4 Reasons Companies Are Adopting Cloud Technologies
Ninety percent of executives agree that for their organization to be agile and resilient to market changes, they need to fast forward their digital transformation with cloud computing at its core. In this time of distributed workforces, off-premise public cloud technology has become a compelling way to maintain productivity and keep projects running smoothly. In fact, companies migrating to public cloud infrastructure can expect to see 30-40% savings in their total cost of ownership (TCO) for the technology, according to Accenture.
Why are so many executives and companies moving their digital infrastructure to the cloud? Udemy instructor Neal Davis is a highly experienced AWS Cloud Solutions Architect and the founder of Digital Cloud Training, where he teaches global students the fundamentals of cloud technologies. With over 20 years working in IT, he’s been in the virtualization and cloud computing space since its inception. Recently, he shared with us four benefits of cloud adoption and why you’ll see skills in this technology grow more in-demand.
1. Optimize IT costs
First, let’s look at cost. Most organizations don’t want to spend money on data centers, hardware, storage, and networking. It’s a large amount of capital to buy into a system and then have it depreciate in a few years. Even when companies want to stop using some of their systems for a period of time, the cost remains in the underlying infrastructure. In public cloud services like AWS, Microsoft Azure, and Google Cloud, tech teams have more flexibility in which systems they use and can pay as needs change.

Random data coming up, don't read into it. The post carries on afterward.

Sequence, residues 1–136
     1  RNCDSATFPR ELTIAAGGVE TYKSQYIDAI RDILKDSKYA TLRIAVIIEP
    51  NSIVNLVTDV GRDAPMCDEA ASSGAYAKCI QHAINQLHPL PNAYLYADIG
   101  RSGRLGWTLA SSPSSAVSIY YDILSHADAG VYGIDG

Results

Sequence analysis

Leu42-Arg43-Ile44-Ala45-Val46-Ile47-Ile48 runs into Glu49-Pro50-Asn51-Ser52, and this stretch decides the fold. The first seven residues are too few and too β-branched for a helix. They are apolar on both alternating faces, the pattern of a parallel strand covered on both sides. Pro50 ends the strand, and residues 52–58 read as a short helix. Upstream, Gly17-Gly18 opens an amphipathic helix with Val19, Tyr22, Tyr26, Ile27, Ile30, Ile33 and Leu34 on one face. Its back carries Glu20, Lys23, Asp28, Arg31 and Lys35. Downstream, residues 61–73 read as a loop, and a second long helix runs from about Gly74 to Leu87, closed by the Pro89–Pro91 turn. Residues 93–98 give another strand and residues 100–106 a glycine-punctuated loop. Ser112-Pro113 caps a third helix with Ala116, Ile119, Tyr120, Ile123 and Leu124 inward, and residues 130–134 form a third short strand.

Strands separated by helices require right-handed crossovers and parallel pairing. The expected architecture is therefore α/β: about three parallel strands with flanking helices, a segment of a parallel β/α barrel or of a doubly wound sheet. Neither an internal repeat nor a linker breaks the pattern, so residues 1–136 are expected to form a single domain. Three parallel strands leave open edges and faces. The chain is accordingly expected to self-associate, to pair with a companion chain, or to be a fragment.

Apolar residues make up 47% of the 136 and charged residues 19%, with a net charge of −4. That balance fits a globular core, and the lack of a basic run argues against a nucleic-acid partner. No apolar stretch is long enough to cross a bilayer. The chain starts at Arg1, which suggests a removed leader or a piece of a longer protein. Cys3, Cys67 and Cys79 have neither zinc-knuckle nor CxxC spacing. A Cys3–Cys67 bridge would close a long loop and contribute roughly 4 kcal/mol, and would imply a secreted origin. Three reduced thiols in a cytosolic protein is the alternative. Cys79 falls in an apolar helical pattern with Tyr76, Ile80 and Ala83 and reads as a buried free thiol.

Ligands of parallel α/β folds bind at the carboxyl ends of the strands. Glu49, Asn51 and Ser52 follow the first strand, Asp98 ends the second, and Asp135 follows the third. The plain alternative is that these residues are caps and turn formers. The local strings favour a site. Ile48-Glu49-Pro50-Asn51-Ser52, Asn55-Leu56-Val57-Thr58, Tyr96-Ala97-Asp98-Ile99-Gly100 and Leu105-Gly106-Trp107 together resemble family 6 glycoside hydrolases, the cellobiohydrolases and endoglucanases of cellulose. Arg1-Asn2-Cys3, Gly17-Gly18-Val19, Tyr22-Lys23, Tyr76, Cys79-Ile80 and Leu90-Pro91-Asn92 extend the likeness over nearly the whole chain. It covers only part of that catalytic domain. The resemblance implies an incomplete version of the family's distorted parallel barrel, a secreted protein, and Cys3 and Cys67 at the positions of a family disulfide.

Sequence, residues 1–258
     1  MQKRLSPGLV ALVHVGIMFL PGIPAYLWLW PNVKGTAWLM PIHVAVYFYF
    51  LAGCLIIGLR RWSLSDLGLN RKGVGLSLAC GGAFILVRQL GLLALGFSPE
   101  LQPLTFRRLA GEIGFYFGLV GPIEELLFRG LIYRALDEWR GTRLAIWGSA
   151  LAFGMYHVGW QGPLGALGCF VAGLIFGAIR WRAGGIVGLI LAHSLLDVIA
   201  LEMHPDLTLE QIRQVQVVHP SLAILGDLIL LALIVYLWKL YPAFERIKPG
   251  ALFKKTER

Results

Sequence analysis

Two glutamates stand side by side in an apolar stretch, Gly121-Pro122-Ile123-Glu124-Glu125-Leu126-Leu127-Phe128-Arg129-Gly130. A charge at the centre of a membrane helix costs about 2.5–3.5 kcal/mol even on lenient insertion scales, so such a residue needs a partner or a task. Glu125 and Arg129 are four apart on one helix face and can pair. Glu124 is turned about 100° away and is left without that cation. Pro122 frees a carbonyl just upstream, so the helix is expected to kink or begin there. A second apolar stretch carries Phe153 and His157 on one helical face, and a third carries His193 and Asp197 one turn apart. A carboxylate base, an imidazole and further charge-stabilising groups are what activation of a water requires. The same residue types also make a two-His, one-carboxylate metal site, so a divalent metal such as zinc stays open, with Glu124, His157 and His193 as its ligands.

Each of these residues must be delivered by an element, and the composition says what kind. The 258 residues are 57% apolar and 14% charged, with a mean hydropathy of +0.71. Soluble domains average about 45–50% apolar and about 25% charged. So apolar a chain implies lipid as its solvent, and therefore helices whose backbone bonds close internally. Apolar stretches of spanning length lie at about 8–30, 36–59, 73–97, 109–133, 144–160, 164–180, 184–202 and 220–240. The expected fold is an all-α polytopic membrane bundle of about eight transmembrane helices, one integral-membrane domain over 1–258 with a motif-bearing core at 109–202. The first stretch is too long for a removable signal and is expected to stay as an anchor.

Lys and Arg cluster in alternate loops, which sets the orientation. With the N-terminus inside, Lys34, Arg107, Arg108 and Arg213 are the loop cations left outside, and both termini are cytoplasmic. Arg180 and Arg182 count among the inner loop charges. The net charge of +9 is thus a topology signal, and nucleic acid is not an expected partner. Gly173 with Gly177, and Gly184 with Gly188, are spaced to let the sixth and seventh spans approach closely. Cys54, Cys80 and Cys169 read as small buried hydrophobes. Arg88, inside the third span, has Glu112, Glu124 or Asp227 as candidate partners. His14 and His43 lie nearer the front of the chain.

In detail, here’s how cloud technology optimizes overall IT costs:
- With public cloud solutions, companies can turn features off as needed and then scale them back up, without having to pay for services and hardware that aren’t being used. This is much harder to do with on-premise infrastructure solutions. You can turn things off, but the cost of maintaing the physical systems remain.
- Scaling features up or down depending on when they’re needed can be automated within public cloud offerings and based on real time information. This is all with little disruption to business processes
2. Support and secure a remote workforce
Your remote workforce needs the tools to communicate and carry on with their job as if they were in an office together. On-premise, private cloud solutions do offer remote management administration, but it’s not always a seamless experience. Public cloud services are designed for remote administration. It’s API-driven, so no matter where you or your team is, your systems are still accessible and manageable.
In fact, many tools now commonly used to empower remote workers are possible because of private cloud technology.
- The video conferencing service, Zoom, moved from 10 million daily participants to over 300 million in a very short amount of time thanks to public cloud vendors. Zoom’s infrastructure is heavily invested in AWS, which is what allowed it to adapt to exponential growth in a short period of time.
- Amazon Workspaces, part of AWS, is a virtual desktop virtualization service, that saw over 94% growth in the last year. Why? It can easily provide remote Windows 10 or Linux desktops and networking to employees around the globe in minutes. It allows employees to access all the same applications as they could in an office or within a private network.